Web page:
New laptop for Haiku (and Windows):
CPU: AMD Ryzen or Intel ?
GPU: AMD Radeon or NVIDIA GeForce ?
Which is more likely to be supported in the future ?
New laptop for Haiku (and Windows):
NVidia has no drivers and no hope of getting any. So your choices are Radeon or Intel (you don’t need a powerful GPU for Haiku anyway).
CPUs it’s hard to tell, we have reboot problems with older AMD CPUs and we have systems misdetecting the CPU frequency and being very slow with current 11th generation Intel CPUs. Who knows what the next generation of machines will bring.
In general, buying a new laptop is probably not the best choice for Haiku if you don’t want to be writing drivers yourself. It is very likely that at least one thing will not be correctly supported yet.
12th gen Intel is probably unadvisable as most of them come with BIG.little architecture simar topbile SoCs. I have one and their threadmanagement sucks. Will take a year or longer for it to stabilize on Linux and Windows.
Thanks for the answers!
I decided to buy a laptop with the following components (CPU, GPU):
AMD Ryzen™ 9 5900HX 3.3 GHz (up to 4.6 GHz)
AMD Radeon™ RX 6700M graphics with 10 GB GDDR6 memory.
Let’s see what Haiku has to say about it!
Haiku 32bit+64bit is already running on real hardware here…
Don’t forget the HD, RAM., and Internet access…
I don’t have to ‘preconfigure’ the BIOS for Haiku anymore, do I?
What exactly do you mean by preconfiguring the BIOS?
Whenever I wanted to install Haiku,I simply selected the Haiku install media in the boot options and it just worked.
The only thing I always change is enabling Legacy boot if still supported by the device,because it’s easier to setup.
If you’re referring to SecureBoot, then yes.
No, it’s not a new purchase FOR Haiku, because Haiku runs on real hardware here!
But Haiku should be included THIS NEW Laptop on real hardware if possible, albeit maybe in a few years if I live to see it.
I assumed legacy boot was no longer required for Haiku installation.
Although, maybe UEFI (EFI?) isn’t essential for Windows (incl. V11?) or even the best?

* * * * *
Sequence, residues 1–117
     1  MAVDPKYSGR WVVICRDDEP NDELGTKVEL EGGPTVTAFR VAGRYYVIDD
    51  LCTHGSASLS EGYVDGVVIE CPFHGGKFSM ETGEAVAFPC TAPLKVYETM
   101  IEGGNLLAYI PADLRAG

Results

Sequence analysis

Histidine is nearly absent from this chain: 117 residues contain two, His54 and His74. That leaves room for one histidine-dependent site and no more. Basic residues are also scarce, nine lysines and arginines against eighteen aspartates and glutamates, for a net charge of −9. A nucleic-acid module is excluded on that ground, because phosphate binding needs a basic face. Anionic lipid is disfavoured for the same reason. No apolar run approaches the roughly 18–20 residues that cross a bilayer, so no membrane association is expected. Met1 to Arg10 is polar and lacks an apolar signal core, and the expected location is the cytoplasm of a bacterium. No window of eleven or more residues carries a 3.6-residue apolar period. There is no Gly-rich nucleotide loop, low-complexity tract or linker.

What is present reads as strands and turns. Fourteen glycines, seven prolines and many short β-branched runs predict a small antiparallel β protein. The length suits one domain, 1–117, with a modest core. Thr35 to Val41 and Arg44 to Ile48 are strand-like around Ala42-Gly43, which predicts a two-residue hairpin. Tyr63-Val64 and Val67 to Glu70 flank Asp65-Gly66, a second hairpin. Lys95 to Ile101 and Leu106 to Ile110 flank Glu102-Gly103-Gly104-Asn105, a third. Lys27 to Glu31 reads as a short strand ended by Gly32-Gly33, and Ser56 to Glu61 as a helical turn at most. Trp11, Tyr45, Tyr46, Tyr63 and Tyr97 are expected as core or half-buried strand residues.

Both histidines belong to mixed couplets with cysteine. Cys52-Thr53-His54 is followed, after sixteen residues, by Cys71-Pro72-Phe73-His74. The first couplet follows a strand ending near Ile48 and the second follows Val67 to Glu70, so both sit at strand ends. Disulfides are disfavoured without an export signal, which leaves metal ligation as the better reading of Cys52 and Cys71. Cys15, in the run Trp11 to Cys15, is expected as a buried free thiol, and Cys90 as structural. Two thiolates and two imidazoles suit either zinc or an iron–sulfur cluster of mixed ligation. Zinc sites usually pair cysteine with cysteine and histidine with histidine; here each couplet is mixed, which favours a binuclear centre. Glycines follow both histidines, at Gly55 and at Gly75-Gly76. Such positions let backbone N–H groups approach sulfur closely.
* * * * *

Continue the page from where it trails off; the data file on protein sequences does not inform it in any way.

Then there’s TPM 2.0…
Thanks for the hint!
SecureBoot will definitely not be enabled or disabled!
You’re right,Legacy boot isn’t required for Haiku but I prefer it if it’s still supported because it’s much easier to setup.
If you use Legacy boot,the Haiku installer will automatically install the Haiku boot loader and you’ll have a working system.
If you use UEFI,you have to create a FAT32 boot partition by hand and copy the contents of the install medias FAT32 partition to it.
SSD 1 NVMe M.2 1GB
SSD 2 NVMe M.2 2GB
2 x 32GB dual-channel SO-DIMM DDR4-3200
Intel Wi-Fi 6E AX210 (a/b/g/h/n = Wi-Fi 4/ac = Wi-Fi 5/ax = Wi-Fi 6), Bluetooth 5.2
Realtek ALC233 @ AMD K19.5 - Audio Processor - High Definition
Laptop is still on the way to me!
Components such as for network (WiFi), sound, etc. can be changed by the provider at any time. So wait and see.
Legacy, UEFI, EFI, what else is there?
SecureBoot, TPM2 for Windows 11, …?
I meant settings in the BIOS that are absolutely necessary to boot Haiku 64bit (+ Haiku 32bit ?) with it.
I.e. which settings should or even must be disabled and which are explicitly necessary.
SecureBoot exists purely to prevent booting any alternative operating system besides the one it came with so that one definitely needs disabling.
I think UEFI and EFI are the same thing. The U stands for Universal. Hopefully they get the bugs worked out of the bootloader for these systems. I have a spare SSD waiting for Beta 4 when it comes out. (I only use stable releases.)
Yesterday the laptop arrived, today I will set it up - as best I can.
Is this the correct order?:
- power on
- into the BIOS
- disable SecureBoot
continue with ?
Sounds about right. You’ll need to repartition if you’re going to dual boot.
- SSD = 1GB (Default)
- SSD = 2GB (ordered parallel to the laptop,
will only be installed after Win 10 > 11 Install)
So can I first deal with the installation and configuration of Win 10 and then upgrade to Win 11?
My last Windows install was version 7. I don’t know about the new ones.
That’s not correct, SecureBoot (if implemented according to the spec) allows you to install any OS you want, but the OS must be signed with a cryptographic key. The goal is to prevent installation of malware (that wouldn’t be signed with a key you allow).
You can add your own keys and sign your own OS if you want.
It’s up to you to decide if you want to spend time messing with cryptographic keys and signing the Haiku bootloader, or if you are not so much worried about malware and you want to disable this.
- Prepare your installation media (write the latest nightly or beta to an USB drive)
- Insert drive in the machine
- See what happens and if you manage to boot it
If all runs well you can start considering an installation. In which case you have to decide if you want to use “legacy” mode or EFI mode (EFI needs a bit more manual steps during installation, so if legacy works, you can go with that)
- Partition your hard disk using DriveSetup. Use an intel partition table if you want to use BootManager (again for legacy mode), otherwise you can use GPT partition table which has less limitations (more than 4 partitions are allowed)
- Create a BFS partition for your system, if using Intel partitioning, make sure to make it active (there is a checkbox when creating the partition)
- Format the partition as BFS
- Now you can run the Installer
That’s all for a legacy/non-EFI install.